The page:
Cuomo proposed boosting foundation aid this year by $338 million, a far cry from the $1.25 billion requested by the Board of Regents. Without more foundation aid, some advocates say Cuomo’s promise of greater funding equity rings hollow.

“Equity is you’re actually helping to lift up poor districts so that they can provide an equitable education,” said Billy Easton, executive director of the union-backed Alliance for Quality Education. “Not just that they’re receiving a larger share of a too-small pot.”

What does all of this mean for New York City schools?

New York City is not immune from Albany’s budget crunch.

The total increase proposed for the city — $247 million — falls about $150 million short of the mayor’s projections in November, according to the city’s Independent Budget Office.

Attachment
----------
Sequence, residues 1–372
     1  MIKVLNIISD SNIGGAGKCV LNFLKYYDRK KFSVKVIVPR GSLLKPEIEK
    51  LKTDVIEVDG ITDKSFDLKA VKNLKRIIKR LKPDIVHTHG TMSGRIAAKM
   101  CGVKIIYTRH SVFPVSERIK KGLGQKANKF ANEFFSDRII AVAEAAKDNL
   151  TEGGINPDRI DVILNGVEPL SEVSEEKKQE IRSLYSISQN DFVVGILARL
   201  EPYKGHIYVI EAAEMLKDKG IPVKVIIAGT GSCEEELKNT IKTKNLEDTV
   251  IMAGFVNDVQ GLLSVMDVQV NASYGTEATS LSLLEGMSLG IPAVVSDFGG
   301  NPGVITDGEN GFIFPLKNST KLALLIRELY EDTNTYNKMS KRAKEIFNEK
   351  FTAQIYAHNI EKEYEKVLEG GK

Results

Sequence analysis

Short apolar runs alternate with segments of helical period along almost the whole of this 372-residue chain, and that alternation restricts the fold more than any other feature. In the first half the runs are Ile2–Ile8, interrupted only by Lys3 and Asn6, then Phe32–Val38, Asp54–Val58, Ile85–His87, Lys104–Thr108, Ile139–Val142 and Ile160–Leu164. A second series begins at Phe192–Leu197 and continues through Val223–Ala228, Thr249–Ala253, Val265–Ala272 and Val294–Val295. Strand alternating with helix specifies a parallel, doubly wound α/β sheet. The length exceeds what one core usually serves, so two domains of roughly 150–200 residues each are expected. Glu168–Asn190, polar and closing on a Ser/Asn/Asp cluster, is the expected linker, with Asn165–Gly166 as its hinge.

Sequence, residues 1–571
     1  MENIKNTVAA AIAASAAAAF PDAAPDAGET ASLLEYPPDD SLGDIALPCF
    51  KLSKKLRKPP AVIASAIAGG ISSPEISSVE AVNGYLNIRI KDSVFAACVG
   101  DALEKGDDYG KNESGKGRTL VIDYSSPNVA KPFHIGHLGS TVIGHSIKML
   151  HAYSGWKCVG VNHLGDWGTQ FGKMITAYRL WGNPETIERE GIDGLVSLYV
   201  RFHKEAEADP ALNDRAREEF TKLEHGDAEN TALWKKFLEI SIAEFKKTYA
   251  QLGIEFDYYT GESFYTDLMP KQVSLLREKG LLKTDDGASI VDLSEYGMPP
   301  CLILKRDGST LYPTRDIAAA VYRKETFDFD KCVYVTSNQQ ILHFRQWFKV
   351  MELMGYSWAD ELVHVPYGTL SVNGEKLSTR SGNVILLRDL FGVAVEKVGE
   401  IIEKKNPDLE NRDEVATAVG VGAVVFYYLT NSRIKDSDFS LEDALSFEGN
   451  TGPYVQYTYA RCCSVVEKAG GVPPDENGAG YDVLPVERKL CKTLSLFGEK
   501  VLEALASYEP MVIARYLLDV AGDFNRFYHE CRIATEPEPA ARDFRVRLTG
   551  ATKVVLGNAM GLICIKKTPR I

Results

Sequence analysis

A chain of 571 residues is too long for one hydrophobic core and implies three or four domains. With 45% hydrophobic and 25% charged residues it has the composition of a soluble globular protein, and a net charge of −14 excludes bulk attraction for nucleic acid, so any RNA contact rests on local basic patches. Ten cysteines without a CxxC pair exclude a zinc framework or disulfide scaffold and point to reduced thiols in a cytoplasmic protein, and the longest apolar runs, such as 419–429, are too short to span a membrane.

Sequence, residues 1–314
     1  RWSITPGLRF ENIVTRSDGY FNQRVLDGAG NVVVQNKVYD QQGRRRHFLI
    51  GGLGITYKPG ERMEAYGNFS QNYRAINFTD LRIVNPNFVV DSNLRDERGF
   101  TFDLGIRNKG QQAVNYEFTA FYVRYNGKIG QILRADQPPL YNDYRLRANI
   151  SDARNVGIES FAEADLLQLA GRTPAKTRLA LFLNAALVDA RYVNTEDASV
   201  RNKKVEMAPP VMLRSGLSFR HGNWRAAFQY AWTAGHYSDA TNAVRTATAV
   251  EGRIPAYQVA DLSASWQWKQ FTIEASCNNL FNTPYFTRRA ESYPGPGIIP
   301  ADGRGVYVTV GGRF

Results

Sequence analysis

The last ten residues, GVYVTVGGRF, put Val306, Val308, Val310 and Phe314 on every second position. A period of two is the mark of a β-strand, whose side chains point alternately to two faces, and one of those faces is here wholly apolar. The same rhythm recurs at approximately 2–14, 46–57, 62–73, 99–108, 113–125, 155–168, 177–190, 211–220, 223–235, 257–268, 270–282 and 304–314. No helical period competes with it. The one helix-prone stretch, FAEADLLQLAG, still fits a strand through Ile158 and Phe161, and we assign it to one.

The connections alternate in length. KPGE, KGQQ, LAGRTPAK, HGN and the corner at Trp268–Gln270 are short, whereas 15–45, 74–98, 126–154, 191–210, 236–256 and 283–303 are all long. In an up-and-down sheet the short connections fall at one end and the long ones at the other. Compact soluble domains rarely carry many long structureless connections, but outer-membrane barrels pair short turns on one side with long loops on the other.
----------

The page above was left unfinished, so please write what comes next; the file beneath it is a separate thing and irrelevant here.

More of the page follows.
It may also be difficult for the city to wrangle funding for big-ticket items. Mayor Bill de Blasio wants to expand his prekindergarten program to 3-year-old students, but he estimates that he will need $700 million from state and federal sources by 2021. (The governor proposed $15 million to expand pre-K seats across the state.)

How about charter schools?

Cuomo would boost spending for charter schools by 3 percent the same rate as for district schools. He also wants to provide more support for schools that rent private space, which is a major financial burden for some schools.

“Once again, Gov. Cuomo demonstrated his unwavering commitment to ensuring every student in our state has access to a great public education,” said James Merriman, CEO of the New York City Charter School Center.